Tag Archives: medals

Digital Running “Time of the Season” Challenge

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When I was training for the 2014 Dopey Challenge in Walt Disney World, I was introduced to Digital Running.  The website offers a place for other runners to meet and participate in team relays, share information, training plans, and more.  You can also register and participate in online challenges.  In 2013, I registered for the Hat Trick and Grand Slam Challenge, which were completed at the Walt Disney World Marathon weekend where I ran a 5km, 10km, half marathon and full marathon.  I also registered for the Interstate Challenge where I needed to complete an event in both Canada and USA.  

   

 

Since I am a bling addict, I registered in March 2014 for the “Time of the Season” challenge.  For a full year, I needed to log an event of 5km or longer, at least one per month.  Each event would be verified, and once I completed three months in a row, I would earn a pie piece towards a giant medal.

Tricky part was finding a chip-timed event nearby once the weather got cold.  I could not find a chip-timed event in December, only local fun run 5km events.  I still did those events (Santa Shuffle and Resolution Run 5km) but they wouldn’t be officially counted.  Luckily, a one-time “free pass” was issued if you couldn’t get a timed event in.

  

My final event for this challenge was the Hyptothermic Half in Calgary, Alberta.  It was tough to find a February event in Alberta, but I am glad I did as this event was where I ran my 1:35 half personal best!  Soon, after logging this event on my member page, the final piece of my “medal” came.

  

Virtual races and challenges aren’t something I always sign up for, and they aren’t for everyone.  But when I found something fun like this, which encouraged me to compete in events each month for a full year, I couldn’t pass it up!  

 

Millarville Run to the Farmers’ Market 2014—Race Report

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Today was the 3rd Annual Millarville Run to the Farmer’s Market Half Marathon. Last year, I ran this event, and you can find the recap here: Millarville 2013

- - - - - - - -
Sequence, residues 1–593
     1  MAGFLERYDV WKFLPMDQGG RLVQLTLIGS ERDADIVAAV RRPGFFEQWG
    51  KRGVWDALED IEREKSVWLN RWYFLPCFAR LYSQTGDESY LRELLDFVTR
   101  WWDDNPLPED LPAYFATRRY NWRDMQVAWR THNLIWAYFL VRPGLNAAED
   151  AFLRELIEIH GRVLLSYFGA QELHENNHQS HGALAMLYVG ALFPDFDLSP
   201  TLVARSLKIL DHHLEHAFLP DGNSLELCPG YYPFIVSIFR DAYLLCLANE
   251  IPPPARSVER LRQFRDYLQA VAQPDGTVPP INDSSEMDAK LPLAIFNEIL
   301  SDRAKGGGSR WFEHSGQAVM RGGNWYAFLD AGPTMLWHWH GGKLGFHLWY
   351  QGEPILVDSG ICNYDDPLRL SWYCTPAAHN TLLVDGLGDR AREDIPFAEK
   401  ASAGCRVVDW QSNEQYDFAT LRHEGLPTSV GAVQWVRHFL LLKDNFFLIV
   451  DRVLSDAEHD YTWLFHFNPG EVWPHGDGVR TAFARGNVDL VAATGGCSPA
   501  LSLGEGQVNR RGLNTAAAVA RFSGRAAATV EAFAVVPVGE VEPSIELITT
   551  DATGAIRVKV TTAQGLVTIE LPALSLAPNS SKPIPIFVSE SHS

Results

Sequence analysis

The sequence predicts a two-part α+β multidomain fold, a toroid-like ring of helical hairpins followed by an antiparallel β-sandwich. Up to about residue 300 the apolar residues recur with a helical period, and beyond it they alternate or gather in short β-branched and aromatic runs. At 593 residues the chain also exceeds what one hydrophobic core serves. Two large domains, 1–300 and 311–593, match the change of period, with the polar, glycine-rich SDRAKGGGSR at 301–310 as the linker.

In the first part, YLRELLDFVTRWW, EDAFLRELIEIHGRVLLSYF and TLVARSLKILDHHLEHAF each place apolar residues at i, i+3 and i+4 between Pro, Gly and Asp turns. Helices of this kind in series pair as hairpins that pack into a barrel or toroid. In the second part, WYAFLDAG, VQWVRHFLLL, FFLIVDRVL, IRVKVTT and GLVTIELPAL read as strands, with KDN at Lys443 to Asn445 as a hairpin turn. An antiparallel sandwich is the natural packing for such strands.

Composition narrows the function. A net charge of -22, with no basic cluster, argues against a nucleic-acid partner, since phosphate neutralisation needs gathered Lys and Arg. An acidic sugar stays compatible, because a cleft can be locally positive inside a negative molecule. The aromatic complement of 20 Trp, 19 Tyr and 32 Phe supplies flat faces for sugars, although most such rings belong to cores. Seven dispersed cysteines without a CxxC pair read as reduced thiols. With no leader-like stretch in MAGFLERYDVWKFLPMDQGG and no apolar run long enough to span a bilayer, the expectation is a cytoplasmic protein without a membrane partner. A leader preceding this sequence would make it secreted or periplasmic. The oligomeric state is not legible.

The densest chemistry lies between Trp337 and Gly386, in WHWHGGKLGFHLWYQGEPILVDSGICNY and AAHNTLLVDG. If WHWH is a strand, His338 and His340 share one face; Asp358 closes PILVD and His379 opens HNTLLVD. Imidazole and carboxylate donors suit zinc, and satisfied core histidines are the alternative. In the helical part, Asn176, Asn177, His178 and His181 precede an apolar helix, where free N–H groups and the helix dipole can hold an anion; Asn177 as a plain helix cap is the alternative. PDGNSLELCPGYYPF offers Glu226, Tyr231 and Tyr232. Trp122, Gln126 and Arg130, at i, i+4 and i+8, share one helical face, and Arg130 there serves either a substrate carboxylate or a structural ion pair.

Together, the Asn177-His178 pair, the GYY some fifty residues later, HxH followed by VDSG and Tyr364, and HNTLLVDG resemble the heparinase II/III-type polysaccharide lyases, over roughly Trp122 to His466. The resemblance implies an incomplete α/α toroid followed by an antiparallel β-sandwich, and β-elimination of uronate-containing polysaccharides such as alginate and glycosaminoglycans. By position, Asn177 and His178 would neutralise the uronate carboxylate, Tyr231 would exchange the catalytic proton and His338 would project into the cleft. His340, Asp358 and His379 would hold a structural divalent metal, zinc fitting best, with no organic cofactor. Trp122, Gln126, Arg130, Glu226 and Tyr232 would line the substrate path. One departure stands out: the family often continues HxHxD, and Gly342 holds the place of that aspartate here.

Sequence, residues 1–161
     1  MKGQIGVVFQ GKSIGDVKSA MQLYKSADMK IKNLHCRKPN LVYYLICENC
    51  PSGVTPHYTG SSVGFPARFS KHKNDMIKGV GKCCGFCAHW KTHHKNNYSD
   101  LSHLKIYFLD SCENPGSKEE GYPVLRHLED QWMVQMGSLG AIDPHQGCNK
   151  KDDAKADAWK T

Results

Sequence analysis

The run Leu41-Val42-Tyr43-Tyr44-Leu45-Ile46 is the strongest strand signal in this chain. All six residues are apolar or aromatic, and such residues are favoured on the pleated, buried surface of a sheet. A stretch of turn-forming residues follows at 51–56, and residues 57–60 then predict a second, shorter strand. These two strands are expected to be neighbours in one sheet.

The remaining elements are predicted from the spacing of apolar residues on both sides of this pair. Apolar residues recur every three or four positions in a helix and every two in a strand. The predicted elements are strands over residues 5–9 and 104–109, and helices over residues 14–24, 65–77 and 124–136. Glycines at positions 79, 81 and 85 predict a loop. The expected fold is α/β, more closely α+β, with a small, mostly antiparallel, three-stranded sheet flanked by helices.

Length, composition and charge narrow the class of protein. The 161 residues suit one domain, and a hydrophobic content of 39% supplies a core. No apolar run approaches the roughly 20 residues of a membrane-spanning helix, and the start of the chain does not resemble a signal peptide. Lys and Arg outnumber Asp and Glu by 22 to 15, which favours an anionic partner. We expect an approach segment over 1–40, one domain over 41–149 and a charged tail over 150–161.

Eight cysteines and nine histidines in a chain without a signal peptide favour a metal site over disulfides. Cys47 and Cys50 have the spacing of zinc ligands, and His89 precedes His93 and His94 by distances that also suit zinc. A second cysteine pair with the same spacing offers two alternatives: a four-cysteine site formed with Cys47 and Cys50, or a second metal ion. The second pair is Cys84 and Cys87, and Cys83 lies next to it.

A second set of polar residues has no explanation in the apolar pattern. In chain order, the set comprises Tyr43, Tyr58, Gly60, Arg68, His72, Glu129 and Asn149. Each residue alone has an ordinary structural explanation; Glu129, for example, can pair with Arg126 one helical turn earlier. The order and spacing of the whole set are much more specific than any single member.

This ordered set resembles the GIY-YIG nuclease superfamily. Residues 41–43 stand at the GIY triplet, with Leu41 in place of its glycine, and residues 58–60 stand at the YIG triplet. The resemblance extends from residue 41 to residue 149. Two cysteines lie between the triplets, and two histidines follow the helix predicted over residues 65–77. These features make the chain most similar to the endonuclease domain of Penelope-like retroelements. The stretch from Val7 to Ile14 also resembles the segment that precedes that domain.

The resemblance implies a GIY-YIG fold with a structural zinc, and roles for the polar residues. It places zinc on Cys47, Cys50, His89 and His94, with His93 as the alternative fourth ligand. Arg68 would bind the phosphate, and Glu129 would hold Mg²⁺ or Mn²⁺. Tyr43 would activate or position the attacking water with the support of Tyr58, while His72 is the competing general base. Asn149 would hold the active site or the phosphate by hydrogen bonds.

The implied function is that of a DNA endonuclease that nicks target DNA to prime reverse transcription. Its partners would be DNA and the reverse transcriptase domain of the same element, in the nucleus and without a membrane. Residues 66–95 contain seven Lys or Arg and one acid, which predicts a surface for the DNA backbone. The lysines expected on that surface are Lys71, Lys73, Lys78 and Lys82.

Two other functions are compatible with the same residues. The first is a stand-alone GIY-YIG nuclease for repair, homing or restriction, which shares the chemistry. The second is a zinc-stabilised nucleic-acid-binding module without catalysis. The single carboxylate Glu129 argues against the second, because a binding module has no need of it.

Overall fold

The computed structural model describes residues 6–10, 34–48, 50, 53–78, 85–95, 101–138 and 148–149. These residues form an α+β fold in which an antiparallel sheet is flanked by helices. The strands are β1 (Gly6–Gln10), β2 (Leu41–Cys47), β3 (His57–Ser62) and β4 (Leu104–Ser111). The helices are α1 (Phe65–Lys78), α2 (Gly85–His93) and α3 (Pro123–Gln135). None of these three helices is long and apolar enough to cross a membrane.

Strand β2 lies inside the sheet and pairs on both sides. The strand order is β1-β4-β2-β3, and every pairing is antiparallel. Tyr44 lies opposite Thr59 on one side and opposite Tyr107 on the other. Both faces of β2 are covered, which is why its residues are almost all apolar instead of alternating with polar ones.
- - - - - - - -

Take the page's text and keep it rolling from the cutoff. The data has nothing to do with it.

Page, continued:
I had such a positive experience at this event last year, that I decided to run it again! Two things were different though: I didn’t go up the night before, and the weather was cool and had a slight drizzle!

My alarm was scheduled for 3:45 AM today, but I woke up naturally at 3:43 AM. How does that happen? Anyway, if you read earlier this week, the husband and I are on this “Clean Eating Cleanse” diet for two weeks. This morning was breakfast number 7. I knew this “diet” could play into how my race would go, but I was using this race as a scheduled speed training workout, not necessarily a personal best. That being said, I had green tea, black coffee, steamed asparagus and two poached eggs as breakfast…not my normal race-morning breakfast. I got dressed, packed a bag to check, and hit the road at 4:50 AM.

I made it to Black Diamond Oilfields Arena at around 6:40 am. I was able to park close the the start line, went in for my morning-of packet pickup, and got myself situated. Packet pickup was smooth, and the shirts are great. Same logo as last year, but different size, orientation, and shirt color.

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The bag check was located right behind the start line, and I was able to drop my bag about 10 minutes before the 7:30 am Half Marathon gun. One thing to note about this event—they have a half marathon, a half marathon relay, an 8 miler, and new this year was the 8-Mile “Bun Run”, where participants had to consume a homemade cinnamon roll from a local bakery at (I think) two different locations during the race before proceeding! The half marathon also offered a 7:00 AM early start for walkers, where I say about 20 people took part.

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I started off the race feeling very solid! The weather was in my favour, and I pumped out a 7:26, 7:51, 7:27, 7:35, and 7:29 for the first five miles. I will note, though, that the first portion of the course had little to no incline, and was mostly flat, or rolling country roads. So what goes down…must eventually go up.

After the relay exchange point was where we hit the first substantial hill. I made mile six in 8:04. No biggie, I still had a great average pace. If I wanted to beat my 1:38:40 personal best from March it could still happen. My legs got a little tight from the climb, but started to loosen during mile seven and eight, where i ran 8:00 and 7:55.

Then came the rural highway from hell.

If you look at this overview map from my NikePlus app, you can see that long, long straightaway, which I would like to nickname “The Mindfuck.” It isn’t just a straight shot for nearly 4 miles, but it’s a straight shot that then keeps rolling upwards, going flat, then climbing up again. During mile 9 and 10 is when I started to feel the tightness in my quads and hip flexors. While I kept telling myself to go for a 7:45 for both these miles, my legs just couldn’t. I ran an 8:35 and 8:11.